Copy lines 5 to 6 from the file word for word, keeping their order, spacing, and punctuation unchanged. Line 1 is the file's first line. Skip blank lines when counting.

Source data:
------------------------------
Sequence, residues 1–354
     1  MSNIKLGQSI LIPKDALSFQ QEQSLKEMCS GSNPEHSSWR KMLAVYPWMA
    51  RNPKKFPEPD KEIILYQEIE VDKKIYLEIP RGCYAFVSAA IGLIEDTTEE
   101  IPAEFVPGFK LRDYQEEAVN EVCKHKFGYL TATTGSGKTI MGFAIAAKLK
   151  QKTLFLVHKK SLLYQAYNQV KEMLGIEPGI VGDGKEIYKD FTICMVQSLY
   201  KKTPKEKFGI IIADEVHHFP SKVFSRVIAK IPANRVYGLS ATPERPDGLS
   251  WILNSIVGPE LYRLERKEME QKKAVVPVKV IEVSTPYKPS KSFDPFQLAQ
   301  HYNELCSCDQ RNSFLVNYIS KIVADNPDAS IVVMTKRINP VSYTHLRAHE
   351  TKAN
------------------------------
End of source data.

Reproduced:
   151  QKTLFLVHKK SLLYQAYNQV KEMLGIEPGI VGDGKEIYKD FTICMVQSLY
   201  KKTPKEKFGI IIADEVHHFP SKVFSRVIAK IPANRVYGLS ATPERPDGLS